After six months of development the latest version of Ubuntu has been released.

As a ‘Long Term Support’ release Ubuntu 12.04 LTS will be backed up fixes and updates for the next five years.

Ubuntu 12.04 = Fast

The ‘P’ in the Ubuntu 12.04 codename (“Precise Pangolin”) could just as easily stand for ‘Performance’ as it does ‘Precise’.

Speed, once a rod used to beat Unity with, is now arguably its greatest strength; a yardstick by which other desktop environments may start to be measured.

This speed boost feeds into the entire OS feeling¬†brand new. Ubuntu is fast, snappy and responsive. In fact this release is perhaps best representative of the “Unity” vision proposed by Canonical; everything from apps to environment feels cohesive in 12.04. Elements that were, in prior releases, half-finished or cumbersome to use now feel polished and intuitive.

Quicklists, for example, were one ‘feature’ of Unity that hadn’t been exploited by many of Ubuntu’s default apps until now.


The sluggish Banshee music player has been replaced by Rhythmbox – a change that Lucid-updaters won’t notice.This sports the integrated Ubuntu One Music Store for purchasing albums and tracks.

The latest versions of office suite LibreOffice, web-browser Firefox, e-mail client Thunderbird, and Instant Messenger Empathy are all included, with the latter introducing better support for video calling.

The Ubuntu One Control Panel has been revamped, and includes set-up, installation and other options all in one window. It’s not the prettiest of apps, but it is functional.

Ubuntu 10.04 upgraders will find an alternative photo-management application installed in the form of Shotwell. It, like Ubuntu One Control Panel, is not the most elegant of apps (something users migrating from a certain fruit-named OS will note) but it does the job well. It even supports exporting of images to Flicke and Facebook.

For Tweets and Facebook addicts the default “social client” (also obtusely referred to as ‘Broadcast’ in places) remains the faithful, if not overly appreciated, Gwibber.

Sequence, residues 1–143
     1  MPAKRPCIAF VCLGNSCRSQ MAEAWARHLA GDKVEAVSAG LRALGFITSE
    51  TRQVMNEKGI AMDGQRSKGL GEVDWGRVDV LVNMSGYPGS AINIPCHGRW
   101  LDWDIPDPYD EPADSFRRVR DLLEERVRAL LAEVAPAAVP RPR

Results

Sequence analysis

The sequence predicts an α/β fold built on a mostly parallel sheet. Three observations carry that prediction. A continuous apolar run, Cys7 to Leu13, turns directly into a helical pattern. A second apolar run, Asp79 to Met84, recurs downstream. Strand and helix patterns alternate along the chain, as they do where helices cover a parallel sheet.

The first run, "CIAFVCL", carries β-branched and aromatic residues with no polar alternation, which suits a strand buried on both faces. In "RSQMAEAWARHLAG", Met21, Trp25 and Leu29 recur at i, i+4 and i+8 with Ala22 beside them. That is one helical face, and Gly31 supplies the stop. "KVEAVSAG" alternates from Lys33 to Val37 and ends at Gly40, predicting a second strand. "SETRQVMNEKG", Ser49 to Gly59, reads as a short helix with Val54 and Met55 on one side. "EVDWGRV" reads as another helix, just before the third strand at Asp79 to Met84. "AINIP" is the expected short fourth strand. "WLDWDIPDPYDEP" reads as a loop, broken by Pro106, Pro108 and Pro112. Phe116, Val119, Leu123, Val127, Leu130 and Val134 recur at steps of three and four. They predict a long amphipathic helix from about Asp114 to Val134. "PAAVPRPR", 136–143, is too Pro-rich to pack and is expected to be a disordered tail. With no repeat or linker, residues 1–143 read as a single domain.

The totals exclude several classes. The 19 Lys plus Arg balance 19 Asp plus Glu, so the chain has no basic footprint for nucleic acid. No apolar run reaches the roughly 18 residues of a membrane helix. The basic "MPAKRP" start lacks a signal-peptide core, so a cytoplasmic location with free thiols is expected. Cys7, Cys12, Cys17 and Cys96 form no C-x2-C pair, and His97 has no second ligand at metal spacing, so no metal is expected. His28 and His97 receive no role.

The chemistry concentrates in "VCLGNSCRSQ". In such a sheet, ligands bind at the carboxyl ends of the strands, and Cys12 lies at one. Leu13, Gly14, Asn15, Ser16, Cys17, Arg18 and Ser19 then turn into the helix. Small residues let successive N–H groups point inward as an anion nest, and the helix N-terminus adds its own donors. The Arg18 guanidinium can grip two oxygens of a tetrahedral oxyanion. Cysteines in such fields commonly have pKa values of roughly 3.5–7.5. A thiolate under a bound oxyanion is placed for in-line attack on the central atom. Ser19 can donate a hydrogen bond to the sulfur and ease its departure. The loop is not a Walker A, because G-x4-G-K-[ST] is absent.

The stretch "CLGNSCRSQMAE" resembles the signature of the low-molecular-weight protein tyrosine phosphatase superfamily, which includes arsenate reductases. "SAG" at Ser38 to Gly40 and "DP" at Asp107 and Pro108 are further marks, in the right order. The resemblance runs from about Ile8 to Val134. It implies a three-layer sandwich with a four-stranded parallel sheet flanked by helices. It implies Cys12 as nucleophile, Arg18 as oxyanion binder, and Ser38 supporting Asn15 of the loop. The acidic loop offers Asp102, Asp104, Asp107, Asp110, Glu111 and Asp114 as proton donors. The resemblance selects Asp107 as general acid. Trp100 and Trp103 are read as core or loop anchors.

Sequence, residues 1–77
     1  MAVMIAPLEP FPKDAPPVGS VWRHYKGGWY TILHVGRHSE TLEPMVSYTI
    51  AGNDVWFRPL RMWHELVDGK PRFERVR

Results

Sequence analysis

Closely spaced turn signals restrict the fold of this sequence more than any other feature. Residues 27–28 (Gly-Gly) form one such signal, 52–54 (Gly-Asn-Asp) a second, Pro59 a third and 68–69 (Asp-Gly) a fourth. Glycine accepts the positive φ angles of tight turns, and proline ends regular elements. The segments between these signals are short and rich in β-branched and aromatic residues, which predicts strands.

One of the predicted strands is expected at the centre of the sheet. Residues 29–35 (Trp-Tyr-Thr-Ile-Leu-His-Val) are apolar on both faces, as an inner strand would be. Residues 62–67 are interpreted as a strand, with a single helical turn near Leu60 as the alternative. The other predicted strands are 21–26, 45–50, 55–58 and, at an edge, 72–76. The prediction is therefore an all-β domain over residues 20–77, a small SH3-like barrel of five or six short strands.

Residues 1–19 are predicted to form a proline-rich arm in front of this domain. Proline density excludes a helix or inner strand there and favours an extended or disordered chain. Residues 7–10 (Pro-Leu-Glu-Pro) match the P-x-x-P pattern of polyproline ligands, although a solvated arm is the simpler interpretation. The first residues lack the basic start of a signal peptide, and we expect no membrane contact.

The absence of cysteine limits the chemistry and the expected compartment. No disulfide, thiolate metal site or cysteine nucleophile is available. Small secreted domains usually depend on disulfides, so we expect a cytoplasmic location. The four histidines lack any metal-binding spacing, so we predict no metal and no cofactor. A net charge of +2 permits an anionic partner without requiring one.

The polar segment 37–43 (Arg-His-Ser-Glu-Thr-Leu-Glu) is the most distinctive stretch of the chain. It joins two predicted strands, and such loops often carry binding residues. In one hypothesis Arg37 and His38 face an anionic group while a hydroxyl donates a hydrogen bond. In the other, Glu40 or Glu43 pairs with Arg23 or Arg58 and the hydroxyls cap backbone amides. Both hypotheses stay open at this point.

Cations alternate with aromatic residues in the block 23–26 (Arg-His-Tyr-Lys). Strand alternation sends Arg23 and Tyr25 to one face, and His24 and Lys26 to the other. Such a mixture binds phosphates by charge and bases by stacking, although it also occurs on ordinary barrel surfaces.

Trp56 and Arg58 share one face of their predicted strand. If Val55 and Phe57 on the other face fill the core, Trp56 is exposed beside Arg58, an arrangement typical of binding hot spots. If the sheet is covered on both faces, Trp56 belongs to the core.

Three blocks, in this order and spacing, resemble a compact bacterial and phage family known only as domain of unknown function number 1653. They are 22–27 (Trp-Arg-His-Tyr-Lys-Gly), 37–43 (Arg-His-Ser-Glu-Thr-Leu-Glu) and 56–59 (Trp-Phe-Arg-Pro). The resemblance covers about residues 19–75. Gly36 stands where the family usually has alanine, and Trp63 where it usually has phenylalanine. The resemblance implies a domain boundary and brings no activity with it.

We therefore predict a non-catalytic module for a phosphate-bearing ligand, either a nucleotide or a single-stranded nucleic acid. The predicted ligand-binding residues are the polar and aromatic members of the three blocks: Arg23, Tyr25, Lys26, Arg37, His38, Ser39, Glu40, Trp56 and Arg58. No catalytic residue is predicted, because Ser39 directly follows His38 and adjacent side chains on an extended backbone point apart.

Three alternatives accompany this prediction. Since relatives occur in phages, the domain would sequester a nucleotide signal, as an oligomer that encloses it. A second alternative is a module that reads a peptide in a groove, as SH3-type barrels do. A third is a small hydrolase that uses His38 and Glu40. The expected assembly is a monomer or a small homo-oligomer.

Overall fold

Ubuntu 12.04 Apps


The latest version of Unity boasts more than just performance gains.

There are new lenses, options and minor features for you to play around with – most notably of which is the new ‘App Menu’ searching tool ‘HUD’.

The HUD is called by a tap of the ‘Alt’ and is able to search entire application menus of the ‘in focus’ app – as well as provide swift access to features in the ‘Status Menus’ (networking, messaging, etc).

The Ubuntu HUD

The ‘Home’ Lens that previously provided 8 giant shortcuts to applications and folders has been replaced with dynamic ‘activity overview’ – showing your most recently used apps, files, etc.

You can control specifically what shows here by adjusting the new Privacy settings available in System Settings.

activity dash

Don’t like the size of the left-hand launcher? You can now quickly and effortlessly resize it via the Appearance pane in System Settings.

It’s small, trivial-seeming features like like this that gives Precise its polish.

You wouldn’t, for example, instantly notice all of the subtle tweaks to margins, paddings and dividers in the Dash – but subconsciously you do: those small paper-cut sized flaws have been patched over and healed.

Elsewhere you can find an overhauled Unity Greeter, which sports a tweaked UI, new animations, and user-account wallpaper matching.


The default theme of Ubuntu – Ambiance – has been updated, and sports a new ‘unfocused’ state to better help you differentiate between active windows and non-active windows.

Ambiance Focus Theme

There are also subtle changes to buttons, widgets, scrollbars, tabs, tooltips and more.


Enough with reading about how it is – you probably want to try it out.

Hit the button below to grab the .iso’s whilst they’re nice and hot – and be sure to read our list of 10 Things to Do After Installing Ubuntu 12.04 to get some post-install tips.

Download Ubuntu 12.04

precise release